Potable Water Program
The Potable Water Program assists individuals whose private or public drinking water supply wells may be at risk of becoming contaminated or have become contaminated as a result of human activity. In these cases, the Remediation Division can investigate complaints relating to impacts to drinking water supplies under Connecticut General Statutes (CGS) Section 22a-471. If the source of the pollution can be determined, the Commissioner may issue an Order requiring the polluter(s) to provide potable water (short term) and to provide a long-term supply of potable water, which may include connection to a public water system or installation of a water treatment system.
The Potable Water Program also assists homeowners in evaluating well water testing results and provides guidance (in consultation with the Department of Public Health (DPH)) on available water treatment alternatives.
DEEP’s Potable Water Program does not address naturally occurring contaminants in drinking water. In these cases, one should consult with DPH’s Private Well Program (860-509-8401) and the local health department for information and assistance with well water testing and/or water treatment options. To contact the Potable Water Program regarding drinking water well pollution resulting from human activity, contact the Remediation Division District Supervisor for the town the well is in.
As a result of Public Act 13-247 (p. 60), the Department is no longer authorized to provide bottled water to and/or install and maintain treatment systems at residential locations or at elementary or secondary schools with polluted wells. All other provisions of CGS §22a-471 are essentially unchanged by Public Act 13-247.
Information for Well Owners
A clean source of drinking water is critical to your health. Approximately 23% of Connecticut's population relies on private wells as their source of drinking water but many do not know when to test their well, what to test for, or how testing is conducted. It is important to test your private well regularly to ensure the water quality is safe for you and your family. Many pollutants in drinking water go unnoticed, as they have no taste, odor, or color. Only laboratory tests can determine if they are present in your drinking water.
There are a variety of educational materials available to help Connecticut residents understand private well water issues:
CT Department of Public Health Resources
- Make your Private Well Water Safe - online tools guide residents on how to test, what to test for, and what to do if there is a problem (https://testyourwell.ct.gov/)
- DPH’s Private Well Program - general information, including three videos, about well testing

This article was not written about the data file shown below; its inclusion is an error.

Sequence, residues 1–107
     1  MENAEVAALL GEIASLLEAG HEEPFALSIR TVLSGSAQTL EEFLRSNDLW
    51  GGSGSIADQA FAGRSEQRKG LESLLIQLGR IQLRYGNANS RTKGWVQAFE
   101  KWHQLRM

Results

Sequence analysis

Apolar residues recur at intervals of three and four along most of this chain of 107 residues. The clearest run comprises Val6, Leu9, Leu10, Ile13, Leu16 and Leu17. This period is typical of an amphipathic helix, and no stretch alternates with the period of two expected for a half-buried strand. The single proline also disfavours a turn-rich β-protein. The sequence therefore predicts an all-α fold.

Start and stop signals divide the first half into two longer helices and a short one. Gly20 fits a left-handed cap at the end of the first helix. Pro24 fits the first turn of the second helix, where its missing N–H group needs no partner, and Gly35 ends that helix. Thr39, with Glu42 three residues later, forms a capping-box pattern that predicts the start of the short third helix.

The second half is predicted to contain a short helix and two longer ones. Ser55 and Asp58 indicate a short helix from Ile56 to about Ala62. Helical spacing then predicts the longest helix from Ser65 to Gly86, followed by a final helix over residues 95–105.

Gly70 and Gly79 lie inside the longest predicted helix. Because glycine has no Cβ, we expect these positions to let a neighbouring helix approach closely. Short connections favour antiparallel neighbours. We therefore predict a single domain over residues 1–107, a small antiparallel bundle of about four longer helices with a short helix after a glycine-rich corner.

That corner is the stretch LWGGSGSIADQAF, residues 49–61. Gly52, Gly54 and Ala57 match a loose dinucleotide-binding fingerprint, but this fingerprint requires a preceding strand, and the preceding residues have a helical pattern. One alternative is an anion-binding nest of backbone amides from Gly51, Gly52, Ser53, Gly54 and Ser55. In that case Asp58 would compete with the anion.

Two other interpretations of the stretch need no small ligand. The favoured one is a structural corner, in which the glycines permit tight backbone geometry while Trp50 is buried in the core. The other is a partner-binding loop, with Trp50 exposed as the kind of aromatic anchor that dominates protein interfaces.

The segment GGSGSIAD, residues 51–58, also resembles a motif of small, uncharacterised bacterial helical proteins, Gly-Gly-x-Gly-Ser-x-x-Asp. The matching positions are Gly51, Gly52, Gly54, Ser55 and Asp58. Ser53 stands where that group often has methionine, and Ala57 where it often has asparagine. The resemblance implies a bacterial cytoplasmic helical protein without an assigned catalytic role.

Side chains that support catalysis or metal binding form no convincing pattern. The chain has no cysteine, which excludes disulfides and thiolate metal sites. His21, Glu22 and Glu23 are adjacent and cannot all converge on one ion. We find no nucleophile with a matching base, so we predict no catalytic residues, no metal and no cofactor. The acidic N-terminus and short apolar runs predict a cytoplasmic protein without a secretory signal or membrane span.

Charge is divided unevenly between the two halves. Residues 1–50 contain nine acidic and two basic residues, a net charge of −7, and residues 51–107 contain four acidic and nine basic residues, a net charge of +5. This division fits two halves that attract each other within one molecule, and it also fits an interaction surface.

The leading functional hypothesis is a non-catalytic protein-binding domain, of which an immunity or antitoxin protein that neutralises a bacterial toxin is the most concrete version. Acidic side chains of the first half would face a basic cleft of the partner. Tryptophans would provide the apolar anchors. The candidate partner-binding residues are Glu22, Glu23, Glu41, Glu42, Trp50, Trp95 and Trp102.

- Frequently Asked Questions About Drinking Water
- DPH Private Well Publications and Fact Sheets - Information on preventative maintenance, testing, various water treatments, and contaminants.
- Groundwater and Well Contamination - Information about private well testing and commonly detected chemicals.
- Your Local Health Department is a good source of information about well water testing.
- DPH Per- and Polyfluoroalkyl Substances (PFAS) - Health information, well treatment options, and CT approved labs for PFAS analysis.
- The Drinking Water Action Level List indicates common contaminants and the concentrations above which such contaminants may present a health risk to those who use private wells as a source of water for drinking, bathing, washing, or cooking
- List of Certified Laboratories
CT Department of Energy and Environmental Protection Resources
- General Information on Groundwater
- Water Supply Well Receptor Guidance Document
- Residential Home Heating Oil Tanks - Protect your well water by properly maintaining your oil tank.
- Emerging Contaminants – Additional information on contaminants that are just beginning to be evaluated for health standards, such as 1,4-Dioxane, Perfluorinated Chemicals (PFAS, PFOA), Perchlorate, Pharmaceuticals and Personal Care Products, and Nanomaterials
- Granular Activated Carbon (GAC) Fact Sheet - describes one treatment option for certain types of contamination in water supply wells
- Regulations Governing Grants to Municipalities
- Guidance Document For Evaluating Potential Hydrogeologic Impacts Associated With Blasting & Development Activities
US Environmental Protection Agency Resources
- Private Drinking Water Wells - General Information about drinking water from household wells
- Drinking Water From Household Wells
- EPA’s Drinking Water Standards and Regulations apply to states and public water systems. The Federal Maximum Contaminant Levels table provides standards for approximately 90 contaminants in drinking water.
- Emerging Contaminants of Concern Fact Sheet
Content Last Updated February 21, 2020